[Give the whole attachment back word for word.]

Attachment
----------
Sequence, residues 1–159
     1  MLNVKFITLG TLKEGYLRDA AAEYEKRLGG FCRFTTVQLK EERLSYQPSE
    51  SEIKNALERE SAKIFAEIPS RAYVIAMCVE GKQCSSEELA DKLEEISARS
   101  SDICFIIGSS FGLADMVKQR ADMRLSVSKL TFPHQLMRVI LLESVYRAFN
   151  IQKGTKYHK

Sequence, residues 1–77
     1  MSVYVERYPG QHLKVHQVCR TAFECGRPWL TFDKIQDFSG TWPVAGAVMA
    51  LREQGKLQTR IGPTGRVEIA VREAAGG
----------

Sequence, residues 1–159
     1  MLNVKFITLG TLKEGYLRDA AAEYEKRLGG FCRFTTVQLK EERLSYQPSE
    51  SEIKNALERE SAKIFAEIPS RAYVIAMCVE GKQCSSEELA DKLEEISARS
   101  SDICFIIGSS FGLADMVKQR ADMRLSVSKL TFPHQLMRVI LLESVYRAFN
   151  IQKGTKYHK

Sequence, residues 1–77
     1  MSVYVERYPG QHLKVHQVCR TAFECGRPWL TFDKIQDFSG TWPVAGAVMA
    51  LREQGKLQTR IGPTGRVEIA VREAAGG